When workers refused to kowtow to the manuverings of the railroad industry and their agents in the federal government, Cleveland -- again -- sent in federal troops, and the strike was eventually broken. The most militant working class organization of the time was the Industrial Workers of the World (IWW). Formed from an amalgam of unions fighting for better conditions in the West's mining industry, the IWW, or "Wobblies" as they were commonly known, gained particular prominence from the Colorado mine clashes of 1903 and the singularly brutal fashion in which they were put down. Openly calling for class warfare, the Wobblies gained many adherents after they won a difficult strike battle in the textile mills of Lawrence, Massachusetts, in 1912. Their call for work stoppages in the midst of World War I, however, led to a government crackdown in 1917, which virtually destroyed them.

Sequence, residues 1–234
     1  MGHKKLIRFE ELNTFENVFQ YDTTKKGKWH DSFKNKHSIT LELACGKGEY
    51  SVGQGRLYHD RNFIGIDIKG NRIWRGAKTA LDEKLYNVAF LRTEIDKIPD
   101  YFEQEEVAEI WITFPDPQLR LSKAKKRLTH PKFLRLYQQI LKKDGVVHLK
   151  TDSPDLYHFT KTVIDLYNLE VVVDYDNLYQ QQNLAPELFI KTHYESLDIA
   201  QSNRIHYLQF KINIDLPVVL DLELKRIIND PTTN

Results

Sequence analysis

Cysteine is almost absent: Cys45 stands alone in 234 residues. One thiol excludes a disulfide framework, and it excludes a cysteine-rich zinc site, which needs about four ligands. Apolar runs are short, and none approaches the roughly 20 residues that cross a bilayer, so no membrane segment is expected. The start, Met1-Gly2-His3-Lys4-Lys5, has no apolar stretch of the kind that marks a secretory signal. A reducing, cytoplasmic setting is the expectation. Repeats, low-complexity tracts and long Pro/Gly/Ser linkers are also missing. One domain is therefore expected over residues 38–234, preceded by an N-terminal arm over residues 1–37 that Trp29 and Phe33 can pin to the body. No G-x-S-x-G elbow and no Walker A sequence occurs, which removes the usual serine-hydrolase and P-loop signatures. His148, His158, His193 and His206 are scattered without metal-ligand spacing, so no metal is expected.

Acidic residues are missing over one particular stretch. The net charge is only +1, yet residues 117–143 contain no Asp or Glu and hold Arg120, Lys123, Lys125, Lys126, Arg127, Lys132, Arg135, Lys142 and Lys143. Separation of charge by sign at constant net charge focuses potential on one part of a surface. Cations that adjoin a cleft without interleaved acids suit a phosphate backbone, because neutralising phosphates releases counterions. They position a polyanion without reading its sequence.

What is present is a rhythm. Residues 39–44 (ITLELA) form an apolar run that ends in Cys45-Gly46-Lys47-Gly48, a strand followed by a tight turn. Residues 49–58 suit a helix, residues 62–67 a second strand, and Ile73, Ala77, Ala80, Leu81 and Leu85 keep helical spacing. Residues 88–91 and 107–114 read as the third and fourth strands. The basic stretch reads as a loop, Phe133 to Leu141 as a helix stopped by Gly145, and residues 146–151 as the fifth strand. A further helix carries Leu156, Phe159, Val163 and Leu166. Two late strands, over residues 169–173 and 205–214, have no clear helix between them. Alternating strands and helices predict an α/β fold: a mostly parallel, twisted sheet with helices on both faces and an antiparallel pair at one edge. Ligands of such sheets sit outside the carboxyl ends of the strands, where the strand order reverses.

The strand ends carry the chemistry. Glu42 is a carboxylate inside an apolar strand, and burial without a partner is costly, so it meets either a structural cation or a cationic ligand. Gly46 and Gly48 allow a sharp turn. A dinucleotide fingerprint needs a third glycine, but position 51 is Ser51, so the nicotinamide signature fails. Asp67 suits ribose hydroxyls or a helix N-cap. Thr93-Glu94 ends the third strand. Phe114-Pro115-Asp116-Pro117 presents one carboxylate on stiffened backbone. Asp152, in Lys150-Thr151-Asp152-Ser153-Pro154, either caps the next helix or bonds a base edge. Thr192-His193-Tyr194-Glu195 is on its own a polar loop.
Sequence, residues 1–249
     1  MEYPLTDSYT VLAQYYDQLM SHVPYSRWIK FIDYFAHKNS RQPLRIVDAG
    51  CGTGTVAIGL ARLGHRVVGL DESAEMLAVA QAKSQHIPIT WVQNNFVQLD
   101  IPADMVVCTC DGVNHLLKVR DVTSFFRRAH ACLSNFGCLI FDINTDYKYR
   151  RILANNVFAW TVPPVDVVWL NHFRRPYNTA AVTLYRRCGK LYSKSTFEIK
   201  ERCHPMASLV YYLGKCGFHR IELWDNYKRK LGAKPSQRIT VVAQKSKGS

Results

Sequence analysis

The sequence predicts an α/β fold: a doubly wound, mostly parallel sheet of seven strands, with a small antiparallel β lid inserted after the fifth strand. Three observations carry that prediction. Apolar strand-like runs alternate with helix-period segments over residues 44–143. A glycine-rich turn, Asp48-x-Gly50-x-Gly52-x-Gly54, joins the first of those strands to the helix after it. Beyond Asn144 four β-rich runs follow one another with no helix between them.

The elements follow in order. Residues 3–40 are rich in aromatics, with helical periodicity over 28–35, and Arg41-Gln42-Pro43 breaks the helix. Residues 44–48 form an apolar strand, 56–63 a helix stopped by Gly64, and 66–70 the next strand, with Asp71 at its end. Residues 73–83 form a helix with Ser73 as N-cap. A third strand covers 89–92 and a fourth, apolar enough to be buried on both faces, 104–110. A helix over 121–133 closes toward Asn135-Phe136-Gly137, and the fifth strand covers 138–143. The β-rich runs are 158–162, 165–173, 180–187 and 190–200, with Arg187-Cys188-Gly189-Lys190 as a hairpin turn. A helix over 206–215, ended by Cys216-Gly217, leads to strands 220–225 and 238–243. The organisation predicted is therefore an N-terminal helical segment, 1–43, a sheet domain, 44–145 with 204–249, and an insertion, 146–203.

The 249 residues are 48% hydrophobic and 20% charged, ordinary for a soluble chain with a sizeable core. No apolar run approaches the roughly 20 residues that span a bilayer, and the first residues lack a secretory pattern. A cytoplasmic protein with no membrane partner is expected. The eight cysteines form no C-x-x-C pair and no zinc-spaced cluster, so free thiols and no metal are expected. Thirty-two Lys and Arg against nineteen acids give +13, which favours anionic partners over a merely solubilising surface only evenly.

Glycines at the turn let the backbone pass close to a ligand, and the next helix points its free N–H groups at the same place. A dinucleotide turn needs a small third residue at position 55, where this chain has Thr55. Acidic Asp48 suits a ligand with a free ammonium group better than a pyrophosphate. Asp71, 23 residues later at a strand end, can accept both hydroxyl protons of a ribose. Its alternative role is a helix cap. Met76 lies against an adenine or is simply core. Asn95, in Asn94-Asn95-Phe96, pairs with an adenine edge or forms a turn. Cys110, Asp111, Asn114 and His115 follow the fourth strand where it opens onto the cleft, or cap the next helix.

The rise of U.S. imperialism

See also History of United States Imperialism and New Imperialism and the emerging empires.

The findings of the 1890 Census, popularized by historian Frederick Jackson Turner in his paper entitled The Significance of the Frontier in American History, contributed to fears of dwindling natural resources. The Panic of 1893 and the ensuing depression also led some businessmen and politicians to come to the same conclusion as influential European imperialists (e.g., Leopold II of Belgium, Jules Ferry, Benjamin Disraeli, Joseph Chamberlain, and Francesco Crispi) had reached nearly a generation earlier in Europe: that industry had apparently over-expanded, producing more goods than domestic consumers could buy.

Like the Long Depression in Europe, which bred doubts regarding growing strength of political resistance of world capitalism, the main features of the Panic of 1893 included deflation, rural decline, and unemployment (indicative of under-consumption), which aggravated the bitter social protests of the Gilded Age, the Populist movement, the free-silver crusade, and violent labor disputes such as the Pullman Strike.